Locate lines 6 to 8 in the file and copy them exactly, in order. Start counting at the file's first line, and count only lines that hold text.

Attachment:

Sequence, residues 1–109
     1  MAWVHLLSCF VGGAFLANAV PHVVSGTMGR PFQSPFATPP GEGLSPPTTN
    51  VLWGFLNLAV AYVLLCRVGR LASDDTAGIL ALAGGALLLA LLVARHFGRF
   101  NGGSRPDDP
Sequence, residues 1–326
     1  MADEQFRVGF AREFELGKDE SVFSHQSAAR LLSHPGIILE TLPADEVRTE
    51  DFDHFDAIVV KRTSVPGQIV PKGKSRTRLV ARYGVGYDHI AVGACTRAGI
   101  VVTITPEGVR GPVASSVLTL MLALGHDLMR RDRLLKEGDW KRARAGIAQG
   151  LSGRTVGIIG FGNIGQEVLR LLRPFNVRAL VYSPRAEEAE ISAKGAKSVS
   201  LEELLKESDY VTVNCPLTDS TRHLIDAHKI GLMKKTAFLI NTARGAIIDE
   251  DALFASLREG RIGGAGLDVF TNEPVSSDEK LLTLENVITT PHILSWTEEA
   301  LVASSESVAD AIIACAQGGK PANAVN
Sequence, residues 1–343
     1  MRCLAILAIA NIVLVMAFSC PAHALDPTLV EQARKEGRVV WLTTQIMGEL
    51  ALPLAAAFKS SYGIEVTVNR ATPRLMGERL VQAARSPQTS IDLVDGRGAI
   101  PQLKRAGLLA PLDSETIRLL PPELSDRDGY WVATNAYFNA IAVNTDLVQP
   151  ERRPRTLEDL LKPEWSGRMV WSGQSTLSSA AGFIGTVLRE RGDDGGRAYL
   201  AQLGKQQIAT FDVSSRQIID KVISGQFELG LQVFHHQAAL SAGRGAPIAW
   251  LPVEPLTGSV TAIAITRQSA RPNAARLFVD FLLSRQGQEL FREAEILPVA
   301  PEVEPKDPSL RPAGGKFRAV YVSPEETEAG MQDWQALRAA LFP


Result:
     1  MADEQFRVGF AREFELGKDE SVFSHQSAAR LLSHPGIILE TLPADEVRTE
    51  DFDHFDAIVV KRTSVPGQIV PKGKSRTRLV ARYGVGYDHI AVGACTRAGI
   101  VVTITPEGVR GPVASSVLTL MLALGHDLMR RDRLLKEGDW KRARAGIAQG